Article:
Types of venues , Restaurants and cafés ,
Time Out rating:
Time Out says
Mon Dec 19 2011
Restaurateur Arkady Novikov could be thought of as Moscow’s answer to Terence Conran or Alan Yau, but with the muscle of Vladimir Putin. He has more than 50 restaurants to his name, ranging from some of Moscow’s blingest venues (the opulent GQ Bar, the fashionable Vogue Café) to shares in popular buffet chain Yolki-Palki. Novikov is his first venue outside Russia, and it certainly fits in with the monied surrounds of Berkeley Street.
There are two types of Russian diners – those who go out to have fun and those who go to eat, and most fall into the former category. They must feel right at home here. Walking through the revolving glass doors, you’re immediately confronted by a cacophony of people lounging around the reception-cum-bar area, a riot of sharp suits, tight dresses and Champagne flutes. The Asian restaurant is on the left, the lounge bar downstairs, and the cavernous Italian restaurant straight ahead.
Arkady Novikov cites restaurants such as Zuma and Hakkasan as his favourite haunts in the city, and there are certainly noted similarities; the Asian restaurant feels like a clubbier Roka, a brighter Hakkasan. A massive open kitchen reveals dozens of chefs working furiously to fulfil orders, which is understandable when you see the menu: an oversized sheet detailing sushi and sashimi, dim sum, ‘wok dishes’, barbecued dishes, vegetable dishes, salads and rice/noodles.
We tried a selection across the board and found the food mostly enjoyable, save for a portion of plasticky gyoza dumplings filled with beef and foie gras, where the fatty liver had disintegrated into unpleasant pools of oil. We were tempted to order the most proletarian dish on the menu – fried rice with char siu pork – but went with wok-fried soft shell crab ‘Malaysian style’, flavoured with crisped-up curry leaves and salted egg yolk, and expertly chargrilled baby chicken marinated in miso.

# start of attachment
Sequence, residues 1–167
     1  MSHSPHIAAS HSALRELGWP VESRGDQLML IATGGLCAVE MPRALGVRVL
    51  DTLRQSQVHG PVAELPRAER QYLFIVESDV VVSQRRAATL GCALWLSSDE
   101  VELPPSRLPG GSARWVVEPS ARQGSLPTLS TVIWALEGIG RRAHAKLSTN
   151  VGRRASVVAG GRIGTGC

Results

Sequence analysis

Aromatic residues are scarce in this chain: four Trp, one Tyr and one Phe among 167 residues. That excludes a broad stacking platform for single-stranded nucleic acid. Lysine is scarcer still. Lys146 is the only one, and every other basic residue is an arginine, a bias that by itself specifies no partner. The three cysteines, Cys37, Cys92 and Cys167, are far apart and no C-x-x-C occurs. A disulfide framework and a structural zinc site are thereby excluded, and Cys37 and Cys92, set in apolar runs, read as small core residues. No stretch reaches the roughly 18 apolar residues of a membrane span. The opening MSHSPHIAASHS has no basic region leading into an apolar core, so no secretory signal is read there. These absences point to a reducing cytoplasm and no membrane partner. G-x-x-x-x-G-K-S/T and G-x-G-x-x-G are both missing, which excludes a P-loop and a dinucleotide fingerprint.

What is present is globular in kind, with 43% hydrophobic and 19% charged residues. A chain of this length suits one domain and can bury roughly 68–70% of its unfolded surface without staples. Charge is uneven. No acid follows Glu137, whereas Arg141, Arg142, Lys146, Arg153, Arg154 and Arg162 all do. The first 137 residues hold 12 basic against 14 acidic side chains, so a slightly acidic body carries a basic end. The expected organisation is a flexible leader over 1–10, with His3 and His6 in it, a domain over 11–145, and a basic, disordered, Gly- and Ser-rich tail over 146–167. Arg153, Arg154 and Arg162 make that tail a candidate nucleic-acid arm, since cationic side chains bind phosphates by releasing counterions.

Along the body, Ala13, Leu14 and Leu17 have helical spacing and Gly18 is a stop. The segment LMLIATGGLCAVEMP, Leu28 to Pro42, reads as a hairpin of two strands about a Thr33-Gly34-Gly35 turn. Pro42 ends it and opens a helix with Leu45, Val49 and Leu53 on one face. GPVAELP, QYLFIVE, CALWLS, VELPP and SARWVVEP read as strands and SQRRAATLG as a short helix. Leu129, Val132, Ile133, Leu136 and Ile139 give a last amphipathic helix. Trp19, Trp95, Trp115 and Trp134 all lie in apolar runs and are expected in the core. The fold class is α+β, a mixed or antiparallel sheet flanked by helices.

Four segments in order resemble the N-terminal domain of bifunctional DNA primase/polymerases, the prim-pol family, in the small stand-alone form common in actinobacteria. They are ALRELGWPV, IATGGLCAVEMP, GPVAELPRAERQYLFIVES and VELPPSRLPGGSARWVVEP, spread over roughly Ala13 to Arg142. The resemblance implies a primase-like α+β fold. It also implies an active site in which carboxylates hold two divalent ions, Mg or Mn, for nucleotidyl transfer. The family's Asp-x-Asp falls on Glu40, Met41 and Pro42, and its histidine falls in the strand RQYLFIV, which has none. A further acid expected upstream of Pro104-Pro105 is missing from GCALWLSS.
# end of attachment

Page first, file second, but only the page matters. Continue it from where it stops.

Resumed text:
Desserts are a treat, with green tea crème brûlée topped with a perfect crackle of caramelised sugar; the guava sorbet, an odd accompaniment for it, was also delectable.
The wine list, dominated by Italian bottles (perhaps a two-birds-with-one-stone situation, considering the sister restaurant), starts at high prices, then goes higher. There’s a considerable selection of high-octane sakés too.
There are lots of staff – one young chap’s sole responsibility appeared to be spraying the display of fresh fruit, vegetables and seafood with water every five minutes. Still, the service was unusually warm for this kind of restaurant. But just like other Mayfair establishments of this ilk, you pay heavily just for the privilege of being there.
020 7399 4330
- Opening hours:
Asian restaurant 7.30am-11.30pm daily Italian restaurant 11.30am-11.30pm daily Lounge Bar 11.30am-1am daily
Tube: Green Park tube
Meal for two with wine and service: around £140
- 020 7399 4330